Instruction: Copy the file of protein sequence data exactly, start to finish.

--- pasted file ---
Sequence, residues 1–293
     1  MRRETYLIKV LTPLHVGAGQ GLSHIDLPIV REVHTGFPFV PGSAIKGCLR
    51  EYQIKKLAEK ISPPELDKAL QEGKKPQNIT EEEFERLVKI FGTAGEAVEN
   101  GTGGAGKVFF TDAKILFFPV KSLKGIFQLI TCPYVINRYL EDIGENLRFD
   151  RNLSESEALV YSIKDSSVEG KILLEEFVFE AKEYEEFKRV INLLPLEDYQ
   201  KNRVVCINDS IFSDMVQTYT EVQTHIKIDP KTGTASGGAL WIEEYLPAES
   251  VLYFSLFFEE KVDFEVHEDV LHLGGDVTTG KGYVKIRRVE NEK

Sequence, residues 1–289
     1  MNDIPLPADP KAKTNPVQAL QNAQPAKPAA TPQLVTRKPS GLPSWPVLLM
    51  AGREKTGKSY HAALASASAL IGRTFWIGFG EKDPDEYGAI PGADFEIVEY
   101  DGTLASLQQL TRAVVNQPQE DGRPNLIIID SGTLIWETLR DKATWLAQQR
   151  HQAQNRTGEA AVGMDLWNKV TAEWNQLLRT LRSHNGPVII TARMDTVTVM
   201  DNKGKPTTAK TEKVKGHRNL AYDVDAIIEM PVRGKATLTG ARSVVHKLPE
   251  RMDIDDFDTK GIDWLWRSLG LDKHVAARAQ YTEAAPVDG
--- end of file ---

Sequence, residues 1–293
     1  MRRETYLIKV LTPLHVGAGQ GLSHIDLPIV REVHTGFPFV PGSAIKGCLR
    51  EYQIKKLAEK ISPPELDKAL QEGKKPQNIT EEEFERLVKI FGTAGEAVEN
   101  GTGGAGKVFF TDAKILFFPV KSLKGIFQLI TCPYVINRYL EDIGENLRFD
   151  RNLSESEALV YSIKDSSVEG KILLEEFVFE AKEYEEFKRV INLLPLEDYQ
   201  KNRVVCINDS IFSDMVQTYT EVQTHIKIDP KTGTASGGAL WIEEYLPAES
   251  VLYFSLFFEE KVDFEVHEDV LHLGGDVTTG KGYVKIRRVE NEK

Sequence, residues 1–289
     1  MNDIPLPADP KAKTNPVQAL QNAQPAKPAA TPQLVTRKPS GLPSWPVLLM
    51  AGREKTGKSY HAALASASAL IGRTFWIGFG EKDPDEYGAI PGADFEIVEY
   101  DGTLASLQQL TRAVVNQPQE DGRPNLIIID SGTLIWETLR DKATWLAQQR
   151  HQAQNRTGEA AVGMDLWNKV TAEWNQLLRT LRSHNGPVII TARMDTVTVM
   201  DNKGKPTTAK TEKVKGHRNL AYDVDAIIEM PVRGKATLTG ARSVVHKLPE
   251  RMDIDDFDTK GIDWLWRSLG LDKHVAARAQ YTEAAPVDG